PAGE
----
Shinzo Abe’s scandal: Shinzo Abe’s involvement in Cherry blossom scandal can threaten Yoshihide Suga’s political career
Japan’s former Prime Minister Shinzo Abe was interrogated by prosecutors earlier this month over a funding scandal which could have harmful implications for the current leader of the country, Yoshihide Suga. While prosecutors decided not to charge Abe in the scandal over unreported political funds, the controversy could negatively impact the political future of Yoshihide Suga, who previously served as his chief Cabinet secretary.
On December 21, Abe volunteered to be questioned by Tokyo prosecutors over his alleged role in a funding scandal involving his political support group headed by former secretary Hiroyuki Haikawa. Despite previous denials, Abe admitted that his political support group had attempted to cover illegal transactions in official reports by paying a portion of expenses.
Tokyo prosecutors, who were investigating Abe’s alleged involvement in the funding scandal, decided not to pursue formal charges against the former prime minister due to lack of evidence to secure a conviction.
As per reports, Abe’s support group hosted lavish banquets for his constituents from Yamaguchi prefecture during his term as the prime minister. Constituents were charged only ¥5,000 per person for dinner at expensive hotels which cost at least ¥11,000 per person.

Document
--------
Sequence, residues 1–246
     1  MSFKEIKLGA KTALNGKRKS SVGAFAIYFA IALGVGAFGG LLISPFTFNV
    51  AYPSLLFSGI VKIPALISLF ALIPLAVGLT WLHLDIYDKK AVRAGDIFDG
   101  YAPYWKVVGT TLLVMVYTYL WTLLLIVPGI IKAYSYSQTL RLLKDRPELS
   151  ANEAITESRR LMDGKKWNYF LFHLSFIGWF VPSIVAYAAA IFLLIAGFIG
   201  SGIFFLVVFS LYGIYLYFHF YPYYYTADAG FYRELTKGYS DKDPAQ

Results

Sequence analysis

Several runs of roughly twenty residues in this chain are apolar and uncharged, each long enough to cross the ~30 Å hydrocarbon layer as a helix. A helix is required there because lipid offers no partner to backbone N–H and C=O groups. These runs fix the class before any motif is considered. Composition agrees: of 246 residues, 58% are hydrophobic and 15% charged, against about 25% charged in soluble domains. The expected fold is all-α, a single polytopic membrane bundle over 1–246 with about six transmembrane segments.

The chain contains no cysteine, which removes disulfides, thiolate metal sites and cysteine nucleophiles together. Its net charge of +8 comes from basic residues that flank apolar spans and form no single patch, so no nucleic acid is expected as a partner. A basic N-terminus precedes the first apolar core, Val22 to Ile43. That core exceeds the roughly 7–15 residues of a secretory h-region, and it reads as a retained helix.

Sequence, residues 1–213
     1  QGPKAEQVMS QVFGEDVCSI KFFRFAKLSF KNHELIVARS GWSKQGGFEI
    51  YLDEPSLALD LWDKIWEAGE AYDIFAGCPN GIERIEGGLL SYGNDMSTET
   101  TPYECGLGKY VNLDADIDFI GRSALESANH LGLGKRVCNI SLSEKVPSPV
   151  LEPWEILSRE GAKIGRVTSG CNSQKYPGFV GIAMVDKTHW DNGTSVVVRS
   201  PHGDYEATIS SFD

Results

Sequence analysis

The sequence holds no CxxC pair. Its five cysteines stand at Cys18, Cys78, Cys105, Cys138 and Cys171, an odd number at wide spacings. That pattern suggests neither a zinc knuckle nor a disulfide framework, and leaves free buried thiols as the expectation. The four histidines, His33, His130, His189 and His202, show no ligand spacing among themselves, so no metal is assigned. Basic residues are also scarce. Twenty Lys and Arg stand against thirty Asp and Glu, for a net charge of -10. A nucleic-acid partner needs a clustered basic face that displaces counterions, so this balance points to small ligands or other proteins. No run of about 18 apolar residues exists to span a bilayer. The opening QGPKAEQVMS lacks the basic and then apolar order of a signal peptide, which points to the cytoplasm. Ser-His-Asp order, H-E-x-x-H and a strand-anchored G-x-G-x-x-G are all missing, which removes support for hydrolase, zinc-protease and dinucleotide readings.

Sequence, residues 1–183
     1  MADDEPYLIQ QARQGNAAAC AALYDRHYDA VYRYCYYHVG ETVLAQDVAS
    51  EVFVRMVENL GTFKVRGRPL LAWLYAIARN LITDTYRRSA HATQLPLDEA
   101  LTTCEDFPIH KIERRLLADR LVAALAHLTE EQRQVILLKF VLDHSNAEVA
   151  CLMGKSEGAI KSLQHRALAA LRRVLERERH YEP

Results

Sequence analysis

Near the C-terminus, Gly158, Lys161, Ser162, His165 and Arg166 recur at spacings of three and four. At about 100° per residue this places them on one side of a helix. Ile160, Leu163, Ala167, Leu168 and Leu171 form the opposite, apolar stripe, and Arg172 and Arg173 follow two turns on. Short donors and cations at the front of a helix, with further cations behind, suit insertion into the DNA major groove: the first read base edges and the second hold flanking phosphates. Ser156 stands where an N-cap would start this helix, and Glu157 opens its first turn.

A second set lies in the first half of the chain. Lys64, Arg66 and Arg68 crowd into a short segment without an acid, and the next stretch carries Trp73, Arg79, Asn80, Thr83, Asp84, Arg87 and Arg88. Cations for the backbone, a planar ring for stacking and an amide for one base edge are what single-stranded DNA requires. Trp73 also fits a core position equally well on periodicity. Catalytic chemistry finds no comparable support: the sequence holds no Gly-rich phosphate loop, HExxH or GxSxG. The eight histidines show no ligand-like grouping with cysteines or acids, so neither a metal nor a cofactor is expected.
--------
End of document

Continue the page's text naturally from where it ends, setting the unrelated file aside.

Haikawa has already been indicted for his role in the case catering to irregularities in political funding. He has been ordered to a ¥1 million fine by the prosecutors.
Amid mounting criticism, Abe provided an apology during a Diet session, stating that he is aware of the significance of his political responsibility.
This investigation has come as a major setback for current Japanese Prime Minister Suga at a time when he is facing criticism for his mismanagement of the Coronavirus crisis in the country.
Suga is going to face an LDP presidential election in September 2021, in addition to a lower house election. Suga’s mishandling of Japan’s COVID-19 crisis and scandals in the ruling party have resulted in a downfall of his approval ratings. According to latest survey conducted by Nikkei financial newspaper, Suga government’s approval rating has sunk more than 30 points to 42% in November than 74% in September.
Even as Japan struggles with rising COVID-19 cases, the Prime Minister has yet not declared a state of emergency to combat the new wave of infection. Not only this, Suga is also facing heat of voters for attending public dinners despite urging the public to participate in year-end parties.